Once the polymer becomes a part of the binder system in the sealer, its contribution to overall performance will depend directly on its own ability to withstand the elements of weather and chemical attack. Conversely, any weakness is also very likely to manifest as poor performance and premature breakdown of the sealcoating.
It is the responsibility of the manufacturer to instill product awareness to his customers, benefits as well as limitations. It is also crucial for the contractor to acquire and comprehend these facts to make objective decisions.
TYPES OF LATEX POLYMERIC/ RUBBER ADDITIVES
1) Polyvinyl Acetate/ Acrylic Copolymers based additives are used in sealcoatings primarily for thickening, sand/aggregate suspension and faster drying. These type of polymers, generally, have poor resistance to water, therefore, they are likely to introduce permanent water sensitivity in the cured sealer film that, in turn, may cause premature wear. Also, poor resistance to UV radiation, salts, fuels, oils, fats, etc. limit their use as an overall performance enhancer.
2) Acrylic polymers and copolymer based additives are frequently used for thickening, sand/aggregate suspension and faster drying. Acrylics are generally resistant to ultraviolet radiation, oils, fats, lubricants, and hydrocarbon solvents. Properly formulated acrylic additives are capable of delivering all the desired performance properties.
3) Styrene Butadiene (SBR), Natural Rubber (NR), Butyl Rubber (BR) based additives have been used over the years in sealcoatings for thickening, sand/ aggregate suspension, faster drying and improved chemical resistance. These polymers have excellent resistance to water, moderate chemicals, alcohol, organic acids, etc. Their use is limited to those areas that have minimal contact with hydraulic oils, fats, etc. due to their poor resistance to such products.
4) Chloroprene (Neoprene) Polymers are used in various industrial compositions in rubber sheeting, gaskets, adhesives etc. Additives based on Chloroprene latexes are used in sealcoatings for their good resistance to chemicals, mild acids, oils, fat, grease and some solvents. They also enhance the mechanical properties of the sealcoating films. Chloroprenes have poor resistance to Kerosene, esters, ketones and strong oxidizing agents.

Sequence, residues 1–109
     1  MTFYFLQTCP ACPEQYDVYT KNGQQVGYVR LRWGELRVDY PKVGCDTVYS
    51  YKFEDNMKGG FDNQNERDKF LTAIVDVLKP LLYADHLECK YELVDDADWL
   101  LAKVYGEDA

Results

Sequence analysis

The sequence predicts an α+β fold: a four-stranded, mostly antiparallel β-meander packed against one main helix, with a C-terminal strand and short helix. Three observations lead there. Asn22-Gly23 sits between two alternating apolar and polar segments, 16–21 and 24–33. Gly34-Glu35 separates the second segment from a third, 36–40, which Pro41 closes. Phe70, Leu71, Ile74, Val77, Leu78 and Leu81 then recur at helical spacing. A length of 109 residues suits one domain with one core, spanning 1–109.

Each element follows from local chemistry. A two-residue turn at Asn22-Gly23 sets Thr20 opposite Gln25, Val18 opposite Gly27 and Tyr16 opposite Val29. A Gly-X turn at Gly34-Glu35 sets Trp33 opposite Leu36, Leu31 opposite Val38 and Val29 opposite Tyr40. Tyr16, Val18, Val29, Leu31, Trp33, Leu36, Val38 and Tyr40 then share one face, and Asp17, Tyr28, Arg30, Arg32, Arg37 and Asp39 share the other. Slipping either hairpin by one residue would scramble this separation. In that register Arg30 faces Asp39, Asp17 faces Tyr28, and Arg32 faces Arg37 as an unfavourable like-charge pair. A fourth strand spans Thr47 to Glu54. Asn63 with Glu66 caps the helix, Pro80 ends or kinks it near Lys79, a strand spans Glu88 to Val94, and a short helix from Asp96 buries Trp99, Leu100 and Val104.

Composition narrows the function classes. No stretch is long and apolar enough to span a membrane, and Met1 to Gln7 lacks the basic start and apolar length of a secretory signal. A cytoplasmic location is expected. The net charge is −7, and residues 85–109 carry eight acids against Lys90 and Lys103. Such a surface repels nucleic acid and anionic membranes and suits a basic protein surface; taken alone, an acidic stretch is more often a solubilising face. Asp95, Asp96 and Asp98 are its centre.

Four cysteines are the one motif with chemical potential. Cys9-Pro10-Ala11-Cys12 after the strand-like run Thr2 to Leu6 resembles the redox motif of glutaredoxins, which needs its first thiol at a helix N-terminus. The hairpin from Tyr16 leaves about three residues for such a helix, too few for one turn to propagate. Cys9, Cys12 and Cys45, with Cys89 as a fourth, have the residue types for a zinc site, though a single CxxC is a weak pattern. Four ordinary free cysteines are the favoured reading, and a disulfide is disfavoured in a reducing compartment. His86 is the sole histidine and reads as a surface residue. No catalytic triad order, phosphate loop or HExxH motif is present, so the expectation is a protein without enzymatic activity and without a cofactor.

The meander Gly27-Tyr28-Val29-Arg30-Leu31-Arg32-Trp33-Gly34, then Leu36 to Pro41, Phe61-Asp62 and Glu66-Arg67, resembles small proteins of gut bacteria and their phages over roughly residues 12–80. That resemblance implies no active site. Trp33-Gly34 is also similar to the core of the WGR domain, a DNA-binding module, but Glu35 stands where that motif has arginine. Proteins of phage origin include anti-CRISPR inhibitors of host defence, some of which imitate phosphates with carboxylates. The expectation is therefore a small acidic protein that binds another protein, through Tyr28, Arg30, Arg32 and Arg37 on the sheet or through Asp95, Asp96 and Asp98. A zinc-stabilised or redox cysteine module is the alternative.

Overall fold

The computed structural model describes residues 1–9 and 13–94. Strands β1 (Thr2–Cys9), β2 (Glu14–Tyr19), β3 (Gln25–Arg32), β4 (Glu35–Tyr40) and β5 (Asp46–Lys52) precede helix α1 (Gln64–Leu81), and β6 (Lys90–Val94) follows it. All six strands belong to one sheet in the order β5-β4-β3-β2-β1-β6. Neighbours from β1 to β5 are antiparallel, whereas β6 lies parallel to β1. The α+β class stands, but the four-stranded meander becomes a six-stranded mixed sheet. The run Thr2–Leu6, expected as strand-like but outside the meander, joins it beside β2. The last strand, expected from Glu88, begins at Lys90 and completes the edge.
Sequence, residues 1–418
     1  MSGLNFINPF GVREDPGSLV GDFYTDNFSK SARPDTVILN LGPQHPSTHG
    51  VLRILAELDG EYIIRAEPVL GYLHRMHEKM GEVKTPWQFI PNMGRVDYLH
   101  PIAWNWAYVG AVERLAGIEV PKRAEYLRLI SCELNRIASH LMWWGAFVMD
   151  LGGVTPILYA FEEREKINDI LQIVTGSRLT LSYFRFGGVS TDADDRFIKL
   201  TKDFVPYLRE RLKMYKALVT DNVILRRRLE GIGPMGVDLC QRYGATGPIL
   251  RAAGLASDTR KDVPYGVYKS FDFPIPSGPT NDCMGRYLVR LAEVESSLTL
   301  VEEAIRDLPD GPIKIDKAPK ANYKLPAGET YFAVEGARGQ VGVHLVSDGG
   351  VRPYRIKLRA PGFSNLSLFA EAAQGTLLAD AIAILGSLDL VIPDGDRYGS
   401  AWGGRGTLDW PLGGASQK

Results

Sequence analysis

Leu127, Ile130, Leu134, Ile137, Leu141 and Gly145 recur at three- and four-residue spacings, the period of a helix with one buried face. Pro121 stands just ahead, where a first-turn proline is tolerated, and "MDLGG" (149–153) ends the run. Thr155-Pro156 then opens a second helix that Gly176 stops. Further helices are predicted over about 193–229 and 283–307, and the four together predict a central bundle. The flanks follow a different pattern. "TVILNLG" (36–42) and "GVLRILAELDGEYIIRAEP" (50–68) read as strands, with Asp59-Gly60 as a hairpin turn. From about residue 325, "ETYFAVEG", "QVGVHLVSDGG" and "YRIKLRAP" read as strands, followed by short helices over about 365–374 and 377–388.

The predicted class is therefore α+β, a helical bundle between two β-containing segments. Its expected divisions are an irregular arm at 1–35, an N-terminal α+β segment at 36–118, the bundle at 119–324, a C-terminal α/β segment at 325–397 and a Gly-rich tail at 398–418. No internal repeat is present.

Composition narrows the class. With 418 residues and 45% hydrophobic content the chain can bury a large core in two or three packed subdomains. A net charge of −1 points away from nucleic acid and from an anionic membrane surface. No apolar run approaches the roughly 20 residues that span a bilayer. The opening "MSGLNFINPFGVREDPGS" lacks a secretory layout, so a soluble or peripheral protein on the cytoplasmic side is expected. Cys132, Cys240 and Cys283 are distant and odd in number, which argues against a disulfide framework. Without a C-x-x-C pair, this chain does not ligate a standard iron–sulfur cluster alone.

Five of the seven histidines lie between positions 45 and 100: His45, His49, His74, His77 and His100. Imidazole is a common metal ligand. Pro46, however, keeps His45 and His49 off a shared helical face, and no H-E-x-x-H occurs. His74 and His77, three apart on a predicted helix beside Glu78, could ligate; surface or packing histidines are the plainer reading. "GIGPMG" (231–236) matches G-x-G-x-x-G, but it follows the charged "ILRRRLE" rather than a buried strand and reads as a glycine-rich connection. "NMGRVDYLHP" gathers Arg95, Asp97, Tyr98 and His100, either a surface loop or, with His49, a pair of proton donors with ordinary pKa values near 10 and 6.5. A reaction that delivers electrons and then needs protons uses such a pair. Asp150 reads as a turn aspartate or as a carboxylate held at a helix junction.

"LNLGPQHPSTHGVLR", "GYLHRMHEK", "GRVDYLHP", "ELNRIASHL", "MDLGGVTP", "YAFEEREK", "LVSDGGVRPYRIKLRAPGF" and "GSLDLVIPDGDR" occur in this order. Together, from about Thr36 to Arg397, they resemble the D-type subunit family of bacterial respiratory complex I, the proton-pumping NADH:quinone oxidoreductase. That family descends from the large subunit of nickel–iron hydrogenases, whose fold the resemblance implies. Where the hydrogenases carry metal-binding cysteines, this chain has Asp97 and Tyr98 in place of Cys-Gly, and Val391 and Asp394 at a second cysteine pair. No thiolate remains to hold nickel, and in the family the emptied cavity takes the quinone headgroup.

5) Acrylonitrile/ Butadiene (NBR) Polymer based additives are most frequently used for rubberizing both refined coal tar and asphalt based sealcoatings. The polymers in this family have excellent resistance to most chemicals, oils, fat, greases, hydraulic fluids, kerosene, etc. These are highly desirable properties for their use in sealcoatings and such polymers enhance the properties of the sealcoatings in a real sense. The poor resistance to ozone, ketones, chlorinated and nitro solvents are irrelevant for such polymers in the context of sealcoatings.
The detailed data on the characteristics of individual polymer types are tabulated below in Table I. The descriptions, though general, list the major properties and drawbacks associated with the individual polymer. For example, additives based on Polyvinyl Acetate/ Acrylic (PVA) co-polymers are quite likely to reduce the water resistance, Styrene Butadiene Rubber based additives may deter the fuel resistance and so on.
The use of additives based on the polymers that do not fully compliment and boost the properties of the sealcoating shall not be considered, as they introduce a weak link in the system that can be readily attacked by chemicals and or the elements of weather. The additive manufacturer should be of assistance in answering some of your basic questions about the suitability of a particular additive. He should also be in a position to explain that a particular polymer used in the additive has been chemically modified to overcome some of the deficiencies associated with that class of polymers.
ADDITIVES: LEVEL OF USAGE